Perspective is a beautiful thing. Ten years ago I ran the Steamtown Marathon with my eye on the clock, calculating splits, rationing gels, taking every conceivable measure to qualify for Boston. I cramped up the final miles, and ran to the finish stressed I wouldn’t make the cut.
There was a time I wouldn’t register for a marathon if I didn’t think I’d finish in less than four hours. Some years I’d over-train and line up injured before the starting gun even sounded. I’m not saying that the competitive gene has vanished from my system completely, but it bites me less often and running has become a lot more fun.
My goal for Steamtown this year was to not finish last. Along with more than twenty-five hundred of my running brethren, I savored every step in the sparkling sunshine, trees turning to Autumn that made the forest look ablaze. My strategy was to not look at a clock until I got to the finish line. I didn’t consider all of the banks and city hall towers I’d pass in small towns along the route. I inadvertently caught the time on a few occasions, but refrained from doing the calculations in my head to estimate my finishing time.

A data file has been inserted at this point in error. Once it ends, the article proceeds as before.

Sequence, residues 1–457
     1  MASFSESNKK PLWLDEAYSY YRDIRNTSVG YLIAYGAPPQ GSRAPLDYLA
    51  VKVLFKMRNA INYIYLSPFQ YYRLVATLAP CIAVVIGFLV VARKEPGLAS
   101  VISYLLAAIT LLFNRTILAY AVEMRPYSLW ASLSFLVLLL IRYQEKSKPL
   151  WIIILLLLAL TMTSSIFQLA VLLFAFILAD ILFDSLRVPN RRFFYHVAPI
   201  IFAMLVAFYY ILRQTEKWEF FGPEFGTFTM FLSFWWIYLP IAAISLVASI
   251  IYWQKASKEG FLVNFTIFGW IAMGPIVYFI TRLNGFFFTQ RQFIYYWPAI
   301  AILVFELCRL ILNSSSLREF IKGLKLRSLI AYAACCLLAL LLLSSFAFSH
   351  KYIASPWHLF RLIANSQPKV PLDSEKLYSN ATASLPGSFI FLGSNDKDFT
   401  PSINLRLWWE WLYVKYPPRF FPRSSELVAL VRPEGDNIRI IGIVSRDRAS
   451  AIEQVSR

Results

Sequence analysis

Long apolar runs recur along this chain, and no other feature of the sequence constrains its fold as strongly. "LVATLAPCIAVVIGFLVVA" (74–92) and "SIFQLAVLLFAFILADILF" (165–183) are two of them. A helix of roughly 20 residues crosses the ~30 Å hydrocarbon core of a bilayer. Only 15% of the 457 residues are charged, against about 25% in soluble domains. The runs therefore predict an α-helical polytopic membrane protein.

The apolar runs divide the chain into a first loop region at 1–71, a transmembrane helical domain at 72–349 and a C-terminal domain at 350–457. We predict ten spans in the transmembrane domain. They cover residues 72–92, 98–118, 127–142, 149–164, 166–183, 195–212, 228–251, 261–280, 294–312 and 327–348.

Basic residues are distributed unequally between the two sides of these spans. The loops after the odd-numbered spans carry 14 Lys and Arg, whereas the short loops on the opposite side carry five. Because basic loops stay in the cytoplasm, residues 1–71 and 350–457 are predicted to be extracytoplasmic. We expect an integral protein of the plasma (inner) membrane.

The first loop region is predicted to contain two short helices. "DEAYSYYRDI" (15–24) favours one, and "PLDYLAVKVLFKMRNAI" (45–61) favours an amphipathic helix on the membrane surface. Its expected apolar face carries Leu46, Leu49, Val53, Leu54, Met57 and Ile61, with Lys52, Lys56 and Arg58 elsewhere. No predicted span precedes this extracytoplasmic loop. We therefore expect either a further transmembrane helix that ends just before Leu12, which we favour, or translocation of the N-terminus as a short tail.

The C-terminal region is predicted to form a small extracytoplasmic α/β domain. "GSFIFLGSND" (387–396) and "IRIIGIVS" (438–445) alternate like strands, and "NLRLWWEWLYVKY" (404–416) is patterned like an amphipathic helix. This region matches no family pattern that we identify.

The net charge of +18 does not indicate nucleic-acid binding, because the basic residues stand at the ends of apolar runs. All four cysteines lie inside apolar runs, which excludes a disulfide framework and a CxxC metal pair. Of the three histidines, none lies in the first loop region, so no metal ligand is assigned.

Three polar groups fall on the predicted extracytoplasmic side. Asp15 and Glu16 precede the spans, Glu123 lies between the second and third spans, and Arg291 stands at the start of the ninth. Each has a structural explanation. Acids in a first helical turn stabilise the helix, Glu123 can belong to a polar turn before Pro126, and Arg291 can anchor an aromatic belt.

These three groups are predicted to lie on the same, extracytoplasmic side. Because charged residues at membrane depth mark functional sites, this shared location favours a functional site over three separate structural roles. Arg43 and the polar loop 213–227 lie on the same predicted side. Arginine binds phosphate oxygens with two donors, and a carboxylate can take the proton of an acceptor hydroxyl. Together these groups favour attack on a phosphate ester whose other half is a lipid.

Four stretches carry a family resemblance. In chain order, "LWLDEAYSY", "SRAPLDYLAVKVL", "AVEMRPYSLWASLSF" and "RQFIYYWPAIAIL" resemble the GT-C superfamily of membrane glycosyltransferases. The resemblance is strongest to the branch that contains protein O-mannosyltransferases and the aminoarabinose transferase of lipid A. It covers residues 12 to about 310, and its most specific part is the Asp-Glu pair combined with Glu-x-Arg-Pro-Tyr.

As I ran down the final stretch on Washington Avenue there was one runner in front of me the entire way. The last hundred feet or so he appeared to be fighting leg cramps and I held back so I wouldn’t pass him. He must have caught me out of the corner of his eye because he gestured for me to pass him. I lightly placed my hand on his back and said, “You go, I’m in no hurry.” He reached out, we grasped hands and crossed the finish line together at 4:25, my happiest four-plus hour marathon ever.